North Carolina Work Search Requirements
To receive unemployment insurance benefits, you must seek work with at least three potential employers each week and maintain a detailed and verifiable record of your work search. If you cannot prove you looked for work, you may be considered overpaid and required to repay benefits.
You must look for work that meets your skills and needs.
You must keep a detailed record of your work search activities and save this information. A blank form will be mailed to you or you can download a Work Search Record from the DES website.
Your records will be reviewed in person while you are receiving benefits and may be audited even after you stop filing for unemployment benefits. You should maintain these records for five years after filing your unemployment claim.
Your inability to prove you looked for work during each week claimed may result in a denial, delayed payment or overpayment of benefits.
Work Search Guidelines FAQs
What is the current law regarding work search?
In order to receive unemployment benefits, you are required to contact at least three (3) potential employers during the week.
What happens if I can’t make my required number of contacts in a week?
The law is very specific about the work search requirement and does not provide DES the ability to waive work search. Failure to make the required number of contacts in a week will result in a delay or denial of your benefits for that week. Understand that your work search records are checked and you can be asked to produce your work search records for up to 5 years after you have filed a claim for benefits. Providing inaccurate or false statements to DES is considered fraud and may be punishable by fine and/or imprisonment.
How long must I keep my work search records?
You should keep your work search log for at least 5 years.
How do I document my work search?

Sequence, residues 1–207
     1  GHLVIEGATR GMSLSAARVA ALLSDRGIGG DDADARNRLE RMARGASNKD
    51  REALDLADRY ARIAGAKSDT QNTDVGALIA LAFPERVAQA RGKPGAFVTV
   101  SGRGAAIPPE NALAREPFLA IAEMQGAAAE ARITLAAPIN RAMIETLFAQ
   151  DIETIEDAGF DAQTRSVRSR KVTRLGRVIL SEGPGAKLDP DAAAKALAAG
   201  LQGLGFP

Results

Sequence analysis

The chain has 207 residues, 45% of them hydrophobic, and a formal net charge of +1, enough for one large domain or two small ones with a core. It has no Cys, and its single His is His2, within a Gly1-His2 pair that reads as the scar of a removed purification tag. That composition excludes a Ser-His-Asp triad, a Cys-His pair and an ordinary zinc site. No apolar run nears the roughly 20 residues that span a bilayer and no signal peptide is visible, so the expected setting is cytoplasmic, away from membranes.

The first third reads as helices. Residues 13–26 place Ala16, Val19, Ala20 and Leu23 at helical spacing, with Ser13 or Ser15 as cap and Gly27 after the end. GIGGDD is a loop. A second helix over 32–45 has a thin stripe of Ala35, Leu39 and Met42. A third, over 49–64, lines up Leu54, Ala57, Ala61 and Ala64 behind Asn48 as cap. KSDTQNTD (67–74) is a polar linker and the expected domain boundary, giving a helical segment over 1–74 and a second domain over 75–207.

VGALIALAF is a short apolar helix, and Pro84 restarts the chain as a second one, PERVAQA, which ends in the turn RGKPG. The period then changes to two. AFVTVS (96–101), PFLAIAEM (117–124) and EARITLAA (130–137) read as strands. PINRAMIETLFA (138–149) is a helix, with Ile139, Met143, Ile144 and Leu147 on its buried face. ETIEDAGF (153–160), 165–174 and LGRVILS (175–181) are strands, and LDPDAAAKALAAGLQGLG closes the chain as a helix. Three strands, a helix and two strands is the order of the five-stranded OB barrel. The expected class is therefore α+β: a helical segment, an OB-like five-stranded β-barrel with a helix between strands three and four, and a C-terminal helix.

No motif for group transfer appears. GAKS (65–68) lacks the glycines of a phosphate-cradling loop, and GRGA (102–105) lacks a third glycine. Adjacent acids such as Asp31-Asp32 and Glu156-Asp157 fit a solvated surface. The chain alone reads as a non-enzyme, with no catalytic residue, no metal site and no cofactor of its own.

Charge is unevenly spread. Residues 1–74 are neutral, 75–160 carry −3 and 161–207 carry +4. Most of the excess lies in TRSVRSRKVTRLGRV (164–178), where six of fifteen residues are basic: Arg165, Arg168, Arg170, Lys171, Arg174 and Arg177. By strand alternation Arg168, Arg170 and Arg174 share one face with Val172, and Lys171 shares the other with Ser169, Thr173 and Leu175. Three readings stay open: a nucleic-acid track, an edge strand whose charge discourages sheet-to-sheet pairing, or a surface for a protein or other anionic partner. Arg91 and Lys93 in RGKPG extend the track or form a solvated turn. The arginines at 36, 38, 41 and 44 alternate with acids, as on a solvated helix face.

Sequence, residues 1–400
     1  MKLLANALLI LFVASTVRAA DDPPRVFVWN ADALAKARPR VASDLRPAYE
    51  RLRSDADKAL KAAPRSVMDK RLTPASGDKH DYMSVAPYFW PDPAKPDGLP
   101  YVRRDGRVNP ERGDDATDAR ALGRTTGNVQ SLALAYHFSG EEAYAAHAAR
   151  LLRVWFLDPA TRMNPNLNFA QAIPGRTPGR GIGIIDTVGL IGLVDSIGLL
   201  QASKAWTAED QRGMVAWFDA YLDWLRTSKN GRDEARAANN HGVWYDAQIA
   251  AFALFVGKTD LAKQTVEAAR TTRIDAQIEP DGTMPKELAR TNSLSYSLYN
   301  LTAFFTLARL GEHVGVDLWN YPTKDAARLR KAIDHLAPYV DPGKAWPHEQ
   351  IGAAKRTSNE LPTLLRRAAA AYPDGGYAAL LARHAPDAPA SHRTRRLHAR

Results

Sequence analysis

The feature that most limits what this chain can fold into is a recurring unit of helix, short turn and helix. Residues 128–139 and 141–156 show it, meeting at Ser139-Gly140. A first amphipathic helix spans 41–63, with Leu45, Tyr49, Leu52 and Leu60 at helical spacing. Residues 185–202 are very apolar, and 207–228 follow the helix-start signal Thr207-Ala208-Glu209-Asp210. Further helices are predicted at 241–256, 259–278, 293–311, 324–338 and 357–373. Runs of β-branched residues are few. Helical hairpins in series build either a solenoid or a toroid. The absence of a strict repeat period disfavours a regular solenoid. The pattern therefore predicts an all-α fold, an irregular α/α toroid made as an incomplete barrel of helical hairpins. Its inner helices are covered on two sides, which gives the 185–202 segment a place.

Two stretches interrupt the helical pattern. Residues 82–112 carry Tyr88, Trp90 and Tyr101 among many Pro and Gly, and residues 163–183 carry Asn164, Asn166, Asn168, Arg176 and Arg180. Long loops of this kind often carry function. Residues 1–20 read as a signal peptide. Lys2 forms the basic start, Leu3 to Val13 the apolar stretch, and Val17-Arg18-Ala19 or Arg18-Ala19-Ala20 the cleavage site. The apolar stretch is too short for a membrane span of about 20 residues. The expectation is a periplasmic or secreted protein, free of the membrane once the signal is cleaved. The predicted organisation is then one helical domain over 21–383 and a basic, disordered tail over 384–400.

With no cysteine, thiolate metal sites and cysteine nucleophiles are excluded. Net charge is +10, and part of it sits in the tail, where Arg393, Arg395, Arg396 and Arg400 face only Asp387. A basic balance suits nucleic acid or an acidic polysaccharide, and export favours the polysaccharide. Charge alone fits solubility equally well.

For any week that you file for unemployment benefits, you must keep a detailed record of your work search activities. A Work Search Record form may be downloaded from the DES webpage . Click on the ‘Downloads’ tab, then ‘Form for Individuals’. The work search record must provide the following information:
Date of submission or contact;
Contact Method (In person, telephone, email, online, fax);
Contact Information (Physical address, telephone number, e-mail address, website address or fax number of contact);
Results of Contact (ex. Not Hiring; Submitted Application; Interview; Second Interview).
What are acceptable methods of a valid job contact?
A valid job contact can be done by:
SUBMISSION of an APPLICATION OR RESUME, LETTER OF INTEREST, ETC. - through Employer or Employment Website (including NC Works).
TELEPHONE CONVERSATION with Employer – Message left on voicemail or answering service is NOT sufficient.
IN-PERSON MEETING with Employer – May include contacts at job fairs or similar events or video interviews.
INITIAL REGISTRATION via NCWorks.gov (only applies for week registration was completed).
BLIND ADVERTISEMENT (An online or newspaper ad that does not give the company name) - A copy of a blind advertisement may substitute for employer name, name of contact, and job title. You must keep a copy of the advertisement for your records.
You may use the same employer more than once during a week only if you are applying for more than one job with the employer or if you are at a different stage in the hiring process.
What is not considered a valid job contact?
Failure to provide documentation of your work search activities on your work search record will not be accepted as a valid job contact.>
Contacting the same employer regarding the same job more than once during a week with no change in the status of an application for a job.>
Contacting an employer regarding a job despite lacking required qualification, knowledge, ability or skill to perform the duties.>
Leaving a message for an employer. If you contact an employer by phone, you must speak with an individual and record the name and title of the person you spoke with. The person you speak with must be an employee of the company who is authorized to make hiring decisions.
Can I refuse a job if it is offered to me?
If you refuse an offer for work, DES must determine if that offer was ‘suitable’ work based upon information provided by you and the potential employer. If the offer is deemed ‘suitable’ you may be disqualified from receiving unemployment benefits.
What is suitable work?
To determine whether a job is ‘suitable’ or not, DES must consider the guidelines contained in G.S. 96--‐14.9(f):
Guidelines for Claimants during the first 10 weeks of their unemployment claim.
The degree of risk involved to the individual's health, safety, and morals.
The individual's physical fitness and prior training and experience.
The individual's prospects for securing local work in the individual's customary occupation.
The distance of the available work from the individual's residence.
The individual's prior earnings.
Guidelines for Claimants after the first 10 weeks of their unemployment claim.
Consideration of any employment offer paying one hundred twenty percent (120%) of the individual's weekly benefit amount.